No countries for young companies and small competitors

The last decade has seen what is arguably one of the most dizzying periods of innovation and competition in technology. The next decade will most likely look very different, unless regulators in the world’s largest economies—like the US, India and Indonesia—decide to take on the growing concentration of tech power.
Amazon, Apple, Facebook, Google and Microsoft are together sitting on cash reserves of $557 billion, says Mike Isaac in the New York Times. And while both their smaller and nimbler competitors as well as entire economies struggle to cope with the multi-year impact of Covid-19, the tech giants Amazon, Apple, Facebook, Google and Microsoft see an opportunity to entrench their power even further as they have become near-essential services. 
The [their] expansion is unfolding as lawmakers and regulators in Washington and Europe are sounding the alarm over the tech giants’ concentration of power and how that may have hurt competitors and led to other issues, such as spreading disinformation. This week, European Union officials were preparing antitrust charges against Amazon for using its e-commerce dominance to box out smaller rivals, while Britain began an inquiry into Facebook’s purchase of the GIF company.
In doubling down on growth in a time of economic pain, the largest tech companies are continuing a pattern. In previous recessions, those that invested while the economy was at its most vulnerable often emerged stronger. In the 1990s, IBM used a recession to reorient itself from a hardware company into a software and services company. Google and Facebook both rose out of the dot-com bust about 20 years ago. The Economy Is Reeling. The Tech Giants Spy Opportunity, New York Times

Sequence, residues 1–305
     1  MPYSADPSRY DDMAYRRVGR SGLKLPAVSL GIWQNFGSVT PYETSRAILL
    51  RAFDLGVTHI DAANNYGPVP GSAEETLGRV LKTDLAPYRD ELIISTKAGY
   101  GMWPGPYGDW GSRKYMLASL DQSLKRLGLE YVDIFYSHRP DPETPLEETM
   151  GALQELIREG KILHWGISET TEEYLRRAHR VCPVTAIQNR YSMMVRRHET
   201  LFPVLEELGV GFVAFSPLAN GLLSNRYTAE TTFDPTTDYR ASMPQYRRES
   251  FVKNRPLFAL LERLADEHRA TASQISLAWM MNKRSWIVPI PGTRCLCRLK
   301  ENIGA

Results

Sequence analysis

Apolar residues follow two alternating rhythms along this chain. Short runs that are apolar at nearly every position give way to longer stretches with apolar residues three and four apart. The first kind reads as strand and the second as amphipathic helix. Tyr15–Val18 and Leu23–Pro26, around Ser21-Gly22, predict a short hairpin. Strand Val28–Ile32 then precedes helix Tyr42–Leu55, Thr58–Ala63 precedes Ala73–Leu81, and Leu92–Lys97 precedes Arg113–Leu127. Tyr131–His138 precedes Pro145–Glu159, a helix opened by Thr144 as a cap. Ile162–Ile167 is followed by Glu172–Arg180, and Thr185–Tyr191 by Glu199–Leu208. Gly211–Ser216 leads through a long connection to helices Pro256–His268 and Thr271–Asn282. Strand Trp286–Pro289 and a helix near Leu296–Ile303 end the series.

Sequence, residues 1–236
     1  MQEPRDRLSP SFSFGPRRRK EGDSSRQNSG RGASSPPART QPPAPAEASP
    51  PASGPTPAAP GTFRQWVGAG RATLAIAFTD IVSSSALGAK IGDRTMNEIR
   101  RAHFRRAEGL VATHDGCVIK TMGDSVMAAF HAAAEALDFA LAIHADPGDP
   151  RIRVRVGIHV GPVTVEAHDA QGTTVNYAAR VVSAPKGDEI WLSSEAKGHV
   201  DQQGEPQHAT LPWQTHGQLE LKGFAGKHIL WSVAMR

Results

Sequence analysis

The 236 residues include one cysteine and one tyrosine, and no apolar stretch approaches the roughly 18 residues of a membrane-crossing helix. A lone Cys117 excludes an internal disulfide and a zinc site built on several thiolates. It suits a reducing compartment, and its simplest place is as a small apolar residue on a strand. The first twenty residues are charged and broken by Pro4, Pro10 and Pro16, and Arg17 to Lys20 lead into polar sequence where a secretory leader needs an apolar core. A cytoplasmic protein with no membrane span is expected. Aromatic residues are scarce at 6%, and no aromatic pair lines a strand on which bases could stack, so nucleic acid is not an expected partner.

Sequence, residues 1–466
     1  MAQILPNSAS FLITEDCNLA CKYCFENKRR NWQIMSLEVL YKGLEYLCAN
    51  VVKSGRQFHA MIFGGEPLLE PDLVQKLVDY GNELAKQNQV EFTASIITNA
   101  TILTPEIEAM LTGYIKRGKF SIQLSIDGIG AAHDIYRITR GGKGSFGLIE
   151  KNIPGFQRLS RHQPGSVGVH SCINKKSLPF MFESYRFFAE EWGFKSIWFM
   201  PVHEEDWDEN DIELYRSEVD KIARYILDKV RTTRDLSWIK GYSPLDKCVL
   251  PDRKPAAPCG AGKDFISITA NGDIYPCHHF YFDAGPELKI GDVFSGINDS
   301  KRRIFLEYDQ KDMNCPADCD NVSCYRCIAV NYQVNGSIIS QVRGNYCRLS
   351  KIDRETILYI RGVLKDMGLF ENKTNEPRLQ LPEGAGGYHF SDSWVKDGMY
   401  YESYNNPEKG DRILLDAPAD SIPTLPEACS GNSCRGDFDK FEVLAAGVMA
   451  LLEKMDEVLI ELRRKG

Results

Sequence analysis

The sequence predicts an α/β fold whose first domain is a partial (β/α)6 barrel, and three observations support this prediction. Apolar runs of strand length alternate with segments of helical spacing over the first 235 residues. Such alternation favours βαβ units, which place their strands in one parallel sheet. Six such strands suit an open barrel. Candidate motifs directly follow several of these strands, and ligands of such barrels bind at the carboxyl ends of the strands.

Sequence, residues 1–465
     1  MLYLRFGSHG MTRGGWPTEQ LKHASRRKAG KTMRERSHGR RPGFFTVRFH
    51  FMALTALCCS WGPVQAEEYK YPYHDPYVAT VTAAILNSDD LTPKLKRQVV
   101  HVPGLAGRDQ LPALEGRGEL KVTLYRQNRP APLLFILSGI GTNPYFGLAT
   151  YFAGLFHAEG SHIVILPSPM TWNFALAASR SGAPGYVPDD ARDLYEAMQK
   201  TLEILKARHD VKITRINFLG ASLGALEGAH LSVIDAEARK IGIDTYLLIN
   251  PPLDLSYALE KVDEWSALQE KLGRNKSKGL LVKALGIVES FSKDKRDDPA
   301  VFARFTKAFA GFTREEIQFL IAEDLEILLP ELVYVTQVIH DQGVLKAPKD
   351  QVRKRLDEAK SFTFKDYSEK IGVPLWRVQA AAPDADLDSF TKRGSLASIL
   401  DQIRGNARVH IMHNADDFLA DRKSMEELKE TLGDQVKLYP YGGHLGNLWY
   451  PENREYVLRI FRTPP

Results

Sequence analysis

If the combination of tens of billions of dollars of free cash, hundreds of millions of existing users for their products, and armies of behind-the-scenes lobbyists and PR firms wasn’t enough to deter ambitious startups from taking on these giants, add marriages of convenience with the largest local players to the mix.
For instance, Facebook’s investment in Gojek in Southeast Asia, or in Jio Platforms in India. Imagine the “kill zone” that exists around a Facebook-Gojek or Facebook-Jio combine.
There’s a reason why there’s been a virtual parade of global PE and sovereign investors pumping billions of dollars into Reliance’s Jio Platforms each week, topping Rs 1 trillion at last count. Because not only is Jio India’s largest mobile operator, but it also has Facebook and Microsoft as partners.
There is no alternative
Unless the alternatives are, say, rumoured Google-Vodafone-Idea or Amazon-Airtel combines.
That task would be up to India’s lead competition regulator, the CCI. Anupam Sanghi, a competition lawyer, covers these issues in his piece for The Wire:
There are a number of issues at play here. Firstly, the strong network effects of digital platform economies. Second, the relevance of volume and variety of data as a key factor to provide high quality service and how that serves as a competitive advantage. Third, whether the mere combination of both types of user data (WhatsApp and Jio) will allow the new entity to achieve a position that could not be replicated by competitors leading to foreclosure of the market(s).